The head of a company that offers to help health insurers and exchanges make their websites easier to use says agents and brokers can also do more to lure prospects past the digital porch.
Sally Poblete, chief executive officer of Wellthie, says agencies should make sure any home pages or other landing pages prospects see make a good first impression.
Agencies “may have only seconds to catch the attention of a consumer to get them to relax, enter the front door and sit down for a while to learn more about the products offered,” Poblete said last week in an e-mail interview.
The second annual Patient Protection and Affordable Care Act (PPACA) open enrollment period for individual major medical coverage is set to start Saturday. In some markets, health insurance shoppers will see short coverage option menus, whether they visit their state’s PPACA public exchange or start by shopping off-exchange.
In other markets, consumers will face long, complicated lists of choices.
If you are still in the individual major medical market — possibly because you hope to help many consumers quickly and cheaply through your own in-house or private-labeled coverage sales site — you need to show those bewildered consumers that you have what it takes to guide them through Glitch Gulch and Bureaucracy Bottoms in a warm, efficient way.
Poblete said some agency home pages convey the opposite message.
She listed three common shortcomings of consumer-hostile sites:
- They put too much information on the home page or no information at all.
- They bury opportunities to connect with a live human.
- They are not compatible with mobile phone browsers.
What can agencies do to give a good Web impression? Read on.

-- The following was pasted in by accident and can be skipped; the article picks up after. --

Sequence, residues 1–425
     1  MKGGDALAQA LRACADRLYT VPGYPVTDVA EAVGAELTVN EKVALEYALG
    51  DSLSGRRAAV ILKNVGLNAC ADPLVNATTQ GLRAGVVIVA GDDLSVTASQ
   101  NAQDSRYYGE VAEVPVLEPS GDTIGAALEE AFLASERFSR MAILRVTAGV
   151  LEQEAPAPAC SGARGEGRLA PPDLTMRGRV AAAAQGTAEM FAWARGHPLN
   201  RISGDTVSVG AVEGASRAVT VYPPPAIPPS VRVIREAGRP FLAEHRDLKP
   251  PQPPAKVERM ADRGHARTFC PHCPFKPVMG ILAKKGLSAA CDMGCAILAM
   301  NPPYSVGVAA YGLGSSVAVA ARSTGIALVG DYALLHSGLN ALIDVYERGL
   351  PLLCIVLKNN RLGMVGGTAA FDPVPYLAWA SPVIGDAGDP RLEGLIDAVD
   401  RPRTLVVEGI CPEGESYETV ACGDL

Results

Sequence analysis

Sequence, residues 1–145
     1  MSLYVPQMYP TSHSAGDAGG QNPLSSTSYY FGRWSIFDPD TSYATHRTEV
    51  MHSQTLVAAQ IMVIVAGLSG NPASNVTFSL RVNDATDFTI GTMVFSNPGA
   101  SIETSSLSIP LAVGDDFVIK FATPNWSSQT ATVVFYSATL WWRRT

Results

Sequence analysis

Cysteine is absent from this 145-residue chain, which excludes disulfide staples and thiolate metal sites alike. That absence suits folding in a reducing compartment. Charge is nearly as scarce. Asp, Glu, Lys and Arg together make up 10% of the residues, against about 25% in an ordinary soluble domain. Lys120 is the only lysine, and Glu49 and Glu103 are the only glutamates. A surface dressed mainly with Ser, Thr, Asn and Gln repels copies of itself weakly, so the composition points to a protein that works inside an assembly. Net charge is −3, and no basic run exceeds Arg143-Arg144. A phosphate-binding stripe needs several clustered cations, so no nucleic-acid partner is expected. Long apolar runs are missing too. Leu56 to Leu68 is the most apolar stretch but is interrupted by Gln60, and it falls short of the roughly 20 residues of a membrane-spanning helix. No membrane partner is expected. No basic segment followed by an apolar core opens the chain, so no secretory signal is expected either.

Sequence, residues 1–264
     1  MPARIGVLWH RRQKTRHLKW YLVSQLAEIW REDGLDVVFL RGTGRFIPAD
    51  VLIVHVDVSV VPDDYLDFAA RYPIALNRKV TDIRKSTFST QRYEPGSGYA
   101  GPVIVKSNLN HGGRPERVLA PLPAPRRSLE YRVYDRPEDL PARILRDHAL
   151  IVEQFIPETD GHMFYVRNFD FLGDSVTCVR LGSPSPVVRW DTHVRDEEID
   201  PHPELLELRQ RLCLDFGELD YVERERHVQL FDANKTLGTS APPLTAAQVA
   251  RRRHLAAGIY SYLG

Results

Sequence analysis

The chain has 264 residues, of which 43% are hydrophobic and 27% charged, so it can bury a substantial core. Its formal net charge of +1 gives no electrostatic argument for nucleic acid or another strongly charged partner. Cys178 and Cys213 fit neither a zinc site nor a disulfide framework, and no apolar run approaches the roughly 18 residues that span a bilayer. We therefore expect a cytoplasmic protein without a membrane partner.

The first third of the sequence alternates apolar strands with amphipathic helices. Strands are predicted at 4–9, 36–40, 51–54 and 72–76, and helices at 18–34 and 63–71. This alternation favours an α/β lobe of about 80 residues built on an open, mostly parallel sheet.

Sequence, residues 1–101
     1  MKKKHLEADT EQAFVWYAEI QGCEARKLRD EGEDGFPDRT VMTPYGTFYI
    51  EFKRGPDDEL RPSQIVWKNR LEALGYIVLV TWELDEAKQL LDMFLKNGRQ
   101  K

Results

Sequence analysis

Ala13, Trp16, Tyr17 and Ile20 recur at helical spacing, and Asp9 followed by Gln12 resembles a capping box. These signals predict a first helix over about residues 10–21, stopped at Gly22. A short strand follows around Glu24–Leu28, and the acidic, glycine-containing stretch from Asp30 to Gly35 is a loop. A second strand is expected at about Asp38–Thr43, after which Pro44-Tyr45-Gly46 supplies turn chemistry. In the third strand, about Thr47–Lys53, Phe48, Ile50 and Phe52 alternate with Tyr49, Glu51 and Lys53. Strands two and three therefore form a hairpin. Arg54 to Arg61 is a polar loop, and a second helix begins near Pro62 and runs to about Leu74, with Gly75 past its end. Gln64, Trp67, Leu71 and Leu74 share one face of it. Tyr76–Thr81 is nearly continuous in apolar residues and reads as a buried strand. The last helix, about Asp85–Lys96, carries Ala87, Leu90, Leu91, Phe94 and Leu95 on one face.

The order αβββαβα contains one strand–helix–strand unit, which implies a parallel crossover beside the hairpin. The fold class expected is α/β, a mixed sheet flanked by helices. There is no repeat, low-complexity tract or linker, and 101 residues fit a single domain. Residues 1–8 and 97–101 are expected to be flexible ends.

1. Make sure to tell consumers about the PPACA exchange plan premium subsidy tax credit.
Once you get consumers through the front door, try to explain the tax credit as well as you can.
Survey teams found that, during the 2014 open enrollment season, many of the uninsured consumers who failed to enroll in coverage had no idea the tax credit exists, Poblete said.
“Consumers want to understand the cost of insurance,” Poblete said. “Provide that cost, including bottom-line premium costs, net of tax credits for which families are eligible.”
Image: The 2014 exchange application form. (AP photo/J. David Ake)
2. Don’t put prospects in product-based boxes.
You may think of the prospects as exchange plan customers, Medicaid customers and Medicare customers, but they think of themselves as people, Poblete said.
Besides, she said, given how the exchange system works, members of the same family may end up with different types of coverage.
She said agents should consider providing one front door for all consumers, and then using features on the home page to steer them to the appropriate information.
3. Minimize use of jargon.
At some point, you had no idea what a qualified health plan (QHP) or an excepted benefit was, either, and all of that jargon terrified you, too.
Simply translating PPACA speak into English may help build the consumer’s trust, Poblete said.